Automated nucleic acid extraction was performed using the Roche MagNA Pure LC. Stored swab specimens were processed with the addition of 450 µL of PCR-grade water, 200 µL of which was used for nucleic acid extraction and 200 µL of which was spiked with a low concentration of N. gonorrhoeae DNA (obtained from N. gonorrhoeae culture isolates) and was processed to monitor for interfering and/or inhibiting substances. Two hundred microliters of BD ProbeTec-processed extracts were also used for automated nucleic acid extraction with the MagNA Pure LC. Another 200 µL was spiked with a low concentration of N. gonorrhoeae DNA and was processed. The final elution volume for all specimens was 50 µL. Extracts were then analyzed or stored at −20°C for analysis at a later date.

The LC porA assay was used as described elsewhere [9]; each capillary was loaded with 2 µL of 10 × kit master reagent (LightCycler FastStart DNA Master Hybridization Probes kit; Roche Diagnostics), 4 mmol/L of magnesium chloride (Roche Diagnostics), 0.4 µmol/L of forward primer, 0.6 µmol/L of reverse primer, 0.2 µmol/L of each hybridization probe (Proligo), and 5 µL of DNA extract. The final volume was adjusted to 20 µL with PCR-grade water. Each run contained 1 positive control and at least 1 no-target control. The LightCycler instrument was used for amplification and detection, with conditions described elsewhere [9]. Samples were considered to be positive for N. gonorrhoeae DNA if they showed exponential amplification and a melting peak of ∼65°C.

A total of 427 specimens obtained from oropharyngeal and anorectal sites were tested with the LC porA supplemental assay. Samples composed of 158 processed swab specimens that were initially reactive for N. gonorrhoeae DNA with the BD ProbeTec assay (136 oropharyngeal swab specimens and 22 anorectal swab specimens) were stored at −70°C before supplemental testing. The remaining samples tested were BD ProbeTec extracts, which were stored at −70°C before processing for supplemental testing. This group included 154 BD ProbeTec ET extracts (extracted from 140 oropharyngeal swab specimens and 14 anorectal swab specimens) that were initially reactive for N. gonorrhoeae DNA with the BD ProbeTec assay and 50 each of oropharyngeal and anorectal extracts that were negative for N. gonorrhoeae DNA with the BD ProbeTec assay. Positive predictive values (and negative predictive values) were calculated for samples obtained from each site as the proportion of specimens that were initially reactive (or negative) with the BD ProbeTec assay and that tested positive (or negative) with the LC porA assay.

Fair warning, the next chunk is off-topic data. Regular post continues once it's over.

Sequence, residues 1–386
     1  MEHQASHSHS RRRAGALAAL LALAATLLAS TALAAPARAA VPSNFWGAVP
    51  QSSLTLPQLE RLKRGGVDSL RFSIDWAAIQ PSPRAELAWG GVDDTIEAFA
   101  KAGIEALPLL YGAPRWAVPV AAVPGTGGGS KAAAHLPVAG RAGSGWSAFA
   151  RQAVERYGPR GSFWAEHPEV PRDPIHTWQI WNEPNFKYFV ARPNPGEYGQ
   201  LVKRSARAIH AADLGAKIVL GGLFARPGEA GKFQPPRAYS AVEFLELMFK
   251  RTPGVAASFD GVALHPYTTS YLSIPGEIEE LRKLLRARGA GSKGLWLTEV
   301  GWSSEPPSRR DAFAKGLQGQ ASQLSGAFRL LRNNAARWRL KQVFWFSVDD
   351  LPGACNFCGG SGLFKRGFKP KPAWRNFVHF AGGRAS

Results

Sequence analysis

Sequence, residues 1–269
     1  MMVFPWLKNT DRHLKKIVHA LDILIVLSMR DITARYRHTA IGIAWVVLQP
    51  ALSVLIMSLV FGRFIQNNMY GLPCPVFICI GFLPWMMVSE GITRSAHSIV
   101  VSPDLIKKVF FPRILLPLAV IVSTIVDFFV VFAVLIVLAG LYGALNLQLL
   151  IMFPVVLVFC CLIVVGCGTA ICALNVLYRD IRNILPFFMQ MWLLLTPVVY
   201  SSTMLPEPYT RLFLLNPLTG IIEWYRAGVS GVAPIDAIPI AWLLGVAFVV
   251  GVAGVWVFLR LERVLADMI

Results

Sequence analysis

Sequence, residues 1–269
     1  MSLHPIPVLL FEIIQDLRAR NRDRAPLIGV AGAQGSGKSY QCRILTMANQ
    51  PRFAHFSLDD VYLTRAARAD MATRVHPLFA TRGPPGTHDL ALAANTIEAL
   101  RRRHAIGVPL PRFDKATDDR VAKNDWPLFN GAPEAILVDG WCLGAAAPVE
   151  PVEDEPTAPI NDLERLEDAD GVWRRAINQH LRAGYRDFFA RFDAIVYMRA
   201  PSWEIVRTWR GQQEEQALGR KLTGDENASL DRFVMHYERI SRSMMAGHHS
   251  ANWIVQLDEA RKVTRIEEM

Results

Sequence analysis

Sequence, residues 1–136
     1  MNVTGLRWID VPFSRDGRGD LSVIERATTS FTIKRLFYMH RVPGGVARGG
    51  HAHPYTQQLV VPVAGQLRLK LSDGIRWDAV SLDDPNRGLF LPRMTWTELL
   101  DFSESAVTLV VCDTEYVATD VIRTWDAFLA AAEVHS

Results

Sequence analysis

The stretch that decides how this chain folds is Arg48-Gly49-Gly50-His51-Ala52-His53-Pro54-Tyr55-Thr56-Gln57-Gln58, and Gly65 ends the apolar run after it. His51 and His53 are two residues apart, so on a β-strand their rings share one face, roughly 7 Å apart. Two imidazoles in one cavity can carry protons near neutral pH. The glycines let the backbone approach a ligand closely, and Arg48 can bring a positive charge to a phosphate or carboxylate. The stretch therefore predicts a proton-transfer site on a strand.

Results. A total of 327 samples that were initially reactive for N. gonorrhoeae DNA with use of the BD ProbeTec assay were tested with the LC porA supplemental assay. Because there was no statistically significant difference between the results obtained with the processed swab specimens and those obtained with BD ProbeTec ET extracts for either oropharyngeal (P = .17) and anorectal (P = .27) specimens, data for the swab specimens and the extracts were combined. Eighty-eight of 289 oropharyngeal samples and 28 of 38 anorectal samples tested positive for N. gonorrhoeae with the LC porA assay. Thus, the positive predictive value of the BD ProbeTec assay for the detection of N. gonorrhoeae was 30.4% (95% CI, 25.2%–36.1%) for the oropharynx specimens and 73.7% (95% CI, 56.9%–86.6%) for the anorectum specimens. Negative predictive values were 100% for both types of specimens, because all 50 oropharyngeal and 50 anorectal extracts that were negative for N. gonorrhoeae DNA with the BD ProbeTec assay were also negative with the LC porA assay. All samples that were negative with the LC porA assay had N. gonorrhoeae DNA detected in their spiked specimens, indicating that there were no falsenegative results attributable to interfering and/or inhibiting substances.

Discussion. Only one-third of oropharyngeal and threequarters of anorectal specimens that were initially reactive for N. gonorrhoeae DNA with the BD ProbeTec assay had positive LC porA assay results. Thus, supplemental testing of nongenital specimens that were initially reactive for N. gonorrhoeae with the BD ProbeTec in this community-based cohort of homosexual men resulted in greatly improved accuracy of gonorrhea diagnosis at these sites. Currently, there are no commercially available N. gonorrhoeae NAATs that are validated for use with oropharyngeal and anorectal samples; however, in situations in which they are used, it is recommended that nongenital samples undergo supplemental testing by NAAT targeting genes different from those used in the screening assay [3]. False reactivity of nongenital specimens with use of commercially available gonococcal assays appears to be a general problem when NAAT assays are used. The results of supplemental testing for N. gonorrhoeae DNA in specimens obtained from the oropharynx were positive for as few as 5.6% of these specimens when another commercially available assay was used [10].